Q: I've recently seen ads about a high-dose flu vaccine for adults 65 and older. Should seniors opt for this instead of the regular flu shot?
A: Our medical advisers say not until more is known about it. The new shot, called Fluzone High-Dose, was approved by the Food and Drug Administration in late 2009 for people age 65 and older. Compared to regular flu vaccines, it contains four times the amount of antigen, the substance in the vaccine that prompts your body to produce protective flu antibodies. Clinical trials have shown that the shot triggers higher levels of flu antibodies in older people, but it's not yet known if that translates into fewer cases of flu. A study to investigate that question is currently underway, but the results aren't expected until 2014 or later. What is known is that Fluzone High-Dose causes more side effects than the regular flu shot, including fever, headaches, malaise, muscle aches, and soreness at the injection site.
Initially we hoped this high-dose vaccine might particularly help seniors who are very ill or have compromised immune systems, but given the lack of clinical trial data, and that there is a risk of making sick people even sicker, our medical consultants don't advise it for anyone at this time. Until more is known about how protective the high-dose shot is for all seniors, the regular flu vaccine remains the best option. It has been proven to help guard against catching the flu and to lessen the severity of the infection if you do get it, reducing serious complications, hospitalization, and death.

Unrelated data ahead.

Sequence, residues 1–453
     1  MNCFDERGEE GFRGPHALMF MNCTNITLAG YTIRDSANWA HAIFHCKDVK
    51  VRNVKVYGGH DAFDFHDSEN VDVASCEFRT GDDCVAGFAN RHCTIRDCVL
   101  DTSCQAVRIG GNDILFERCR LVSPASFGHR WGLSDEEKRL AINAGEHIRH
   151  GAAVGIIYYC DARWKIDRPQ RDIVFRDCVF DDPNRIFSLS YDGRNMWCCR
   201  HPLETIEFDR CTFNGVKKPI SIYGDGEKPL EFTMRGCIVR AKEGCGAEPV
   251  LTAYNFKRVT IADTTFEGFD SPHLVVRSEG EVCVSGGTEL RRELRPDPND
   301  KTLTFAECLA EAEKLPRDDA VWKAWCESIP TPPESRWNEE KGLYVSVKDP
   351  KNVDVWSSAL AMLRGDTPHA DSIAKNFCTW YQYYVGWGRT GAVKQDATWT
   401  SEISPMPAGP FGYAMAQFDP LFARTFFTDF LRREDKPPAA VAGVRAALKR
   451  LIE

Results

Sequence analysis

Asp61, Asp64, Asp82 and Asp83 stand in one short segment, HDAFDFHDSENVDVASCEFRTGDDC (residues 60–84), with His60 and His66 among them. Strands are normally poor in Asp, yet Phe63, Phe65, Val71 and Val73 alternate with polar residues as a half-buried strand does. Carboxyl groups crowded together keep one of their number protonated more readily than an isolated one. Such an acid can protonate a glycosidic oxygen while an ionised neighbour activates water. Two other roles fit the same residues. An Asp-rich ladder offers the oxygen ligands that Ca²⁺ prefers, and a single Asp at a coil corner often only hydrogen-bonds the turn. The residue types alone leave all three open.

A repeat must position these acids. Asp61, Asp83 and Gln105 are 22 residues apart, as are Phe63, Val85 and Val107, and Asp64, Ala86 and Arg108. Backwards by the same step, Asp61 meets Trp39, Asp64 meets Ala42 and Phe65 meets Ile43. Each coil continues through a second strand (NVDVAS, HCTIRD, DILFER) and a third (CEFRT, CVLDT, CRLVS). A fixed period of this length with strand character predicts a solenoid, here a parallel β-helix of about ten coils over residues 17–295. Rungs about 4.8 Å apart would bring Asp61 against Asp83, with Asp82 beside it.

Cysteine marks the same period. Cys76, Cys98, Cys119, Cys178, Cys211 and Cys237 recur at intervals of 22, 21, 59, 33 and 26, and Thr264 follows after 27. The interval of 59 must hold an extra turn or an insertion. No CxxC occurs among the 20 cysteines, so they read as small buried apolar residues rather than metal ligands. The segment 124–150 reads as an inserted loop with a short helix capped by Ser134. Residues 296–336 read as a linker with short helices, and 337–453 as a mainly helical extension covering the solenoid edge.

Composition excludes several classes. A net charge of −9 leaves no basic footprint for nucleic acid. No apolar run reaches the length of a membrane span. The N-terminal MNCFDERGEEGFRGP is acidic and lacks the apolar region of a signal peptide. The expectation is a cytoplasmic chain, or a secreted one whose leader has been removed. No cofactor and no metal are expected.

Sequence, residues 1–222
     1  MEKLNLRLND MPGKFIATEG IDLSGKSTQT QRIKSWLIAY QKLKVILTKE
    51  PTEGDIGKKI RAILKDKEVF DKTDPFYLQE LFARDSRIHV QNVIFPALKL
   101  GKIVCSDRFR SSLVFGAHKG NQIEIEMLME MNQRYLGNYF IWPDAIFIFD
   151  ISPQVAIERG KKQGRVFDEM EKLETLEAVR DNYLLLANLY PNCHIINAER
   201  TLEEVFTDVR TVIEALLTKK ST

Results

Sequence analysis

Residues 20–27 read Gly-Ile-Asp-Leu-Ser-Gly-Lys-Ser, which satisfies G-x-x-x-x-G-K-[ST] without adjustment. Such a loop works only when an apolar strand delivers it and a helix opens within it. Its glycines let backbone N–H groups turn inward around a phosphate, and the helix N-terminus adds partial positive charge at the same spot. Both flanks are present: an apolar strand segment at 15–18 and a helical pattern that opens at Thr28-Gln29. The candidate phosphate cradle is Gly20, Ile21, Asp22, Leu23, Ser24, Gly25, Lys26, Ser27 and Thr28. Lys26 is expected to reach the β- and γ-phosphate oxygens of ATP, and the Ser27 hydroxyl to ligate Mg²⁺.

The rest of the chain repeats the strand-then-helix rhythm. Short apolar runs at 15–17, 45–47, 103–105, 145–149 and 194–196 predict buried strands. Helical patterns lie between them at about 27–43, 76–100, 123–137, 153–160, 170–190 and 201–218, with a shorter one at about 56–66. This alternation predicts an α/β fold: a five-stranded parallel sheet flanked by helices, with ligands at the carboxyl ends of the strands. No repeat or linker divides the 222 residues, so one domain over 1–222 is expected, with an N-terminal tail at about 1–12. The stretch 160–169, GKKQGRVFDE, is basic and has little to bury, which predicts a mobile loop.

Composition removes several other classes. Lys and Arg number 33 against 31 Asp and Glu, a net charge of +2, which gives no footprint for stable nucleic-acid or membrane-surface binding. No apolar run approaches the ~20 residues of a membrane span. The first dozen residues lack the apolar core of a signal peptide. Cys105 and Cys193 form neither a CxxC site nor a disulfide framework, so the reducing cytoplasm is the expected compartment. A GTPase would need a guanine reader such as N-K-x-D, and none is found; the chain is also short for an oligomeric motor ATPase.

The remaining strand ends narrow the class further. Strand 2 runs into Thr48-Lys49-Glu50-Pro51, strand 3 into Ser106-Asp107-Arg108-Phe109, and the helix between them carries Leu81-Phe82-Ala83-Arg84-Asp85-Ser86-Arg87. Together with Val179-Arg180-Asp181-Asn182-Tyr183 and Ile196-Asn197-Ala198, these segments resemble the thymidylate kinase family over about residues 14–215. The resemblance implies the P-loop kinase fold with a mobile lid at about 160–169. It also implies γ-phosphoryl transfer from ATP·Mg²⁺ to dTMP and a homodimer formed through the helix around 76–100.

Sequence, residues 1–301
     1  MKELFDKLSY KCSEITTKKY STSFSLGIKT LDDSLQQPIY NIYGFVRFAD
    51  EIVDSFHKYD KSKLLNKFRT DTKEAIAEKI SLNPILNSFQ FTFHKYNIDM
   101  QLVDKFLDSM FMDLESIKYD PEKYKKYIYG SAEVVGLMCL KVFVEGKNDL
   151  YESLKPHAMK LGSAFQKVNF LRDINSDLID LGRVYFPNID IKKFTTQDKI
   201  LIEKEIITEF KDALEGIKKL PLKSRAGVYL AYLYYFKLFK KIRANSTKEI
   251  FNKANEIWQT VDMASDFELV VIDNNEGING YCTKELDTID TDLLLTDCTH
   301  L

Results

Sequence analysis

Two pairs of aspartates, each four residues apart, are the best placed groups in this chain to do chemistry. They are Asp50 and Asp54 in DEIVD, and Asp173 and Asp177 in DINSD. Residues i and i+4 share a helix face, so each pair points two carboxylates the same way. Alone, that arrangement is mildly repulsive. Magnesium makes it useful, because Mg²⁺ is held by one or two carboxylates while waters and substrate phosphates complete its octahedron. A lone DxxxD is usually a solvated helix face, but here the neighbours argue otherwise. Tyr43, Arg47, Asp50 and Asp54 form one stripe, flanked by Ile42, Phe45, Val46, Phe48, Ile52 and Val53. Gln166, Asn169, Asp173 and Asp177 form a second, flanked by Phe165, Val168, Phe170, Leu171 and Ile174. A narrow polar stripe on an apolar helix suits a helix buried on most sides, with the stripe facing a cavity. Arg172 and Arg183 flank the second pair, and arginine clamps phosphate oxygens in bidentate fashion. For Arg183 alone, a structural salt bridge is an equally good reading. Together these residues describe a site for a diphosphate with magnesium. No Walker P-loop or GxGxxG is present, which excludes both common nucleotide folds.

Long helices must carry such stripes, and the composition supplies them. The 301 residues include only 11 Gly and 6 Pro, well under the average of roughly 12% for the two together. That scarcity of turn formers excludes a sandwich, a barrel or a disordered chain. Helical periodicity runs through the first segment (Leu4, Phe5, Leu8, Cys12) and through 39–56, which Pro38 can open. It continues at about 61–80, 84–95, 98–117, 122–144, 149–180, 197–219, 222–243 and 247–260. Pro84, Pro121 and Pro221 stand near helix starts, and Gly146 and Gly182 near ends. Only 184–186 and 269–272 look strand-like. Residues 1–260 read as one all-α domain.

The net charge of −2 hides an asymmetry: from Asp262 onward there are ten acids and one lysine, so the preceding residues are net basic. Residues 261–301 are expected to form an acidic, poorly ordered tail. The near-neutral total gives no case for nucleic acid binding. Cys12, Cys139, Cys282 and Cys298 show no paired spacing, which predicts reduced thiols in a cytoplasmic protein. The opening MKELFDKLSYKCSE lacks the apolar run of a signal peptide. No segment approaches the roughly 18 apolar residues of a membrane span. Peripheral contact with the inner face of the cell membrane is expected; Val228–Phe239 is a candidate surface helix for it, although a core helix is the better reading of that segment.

"The benefits of the regular flu vaccine far outweigh any risks. Thousands of people die from this disease every year," says Marvin Lipman, M.D., Consumer Reports chief medical adviser. "Don't be one of those who says, 'I'll take my chances.' Get your shot now."
Fluzone High-Dose Seasonal Influenza Vaccine [Centers for Disease Control and Prevention]
Fears about the flu shot linger, our poll finds [Consumer Reports]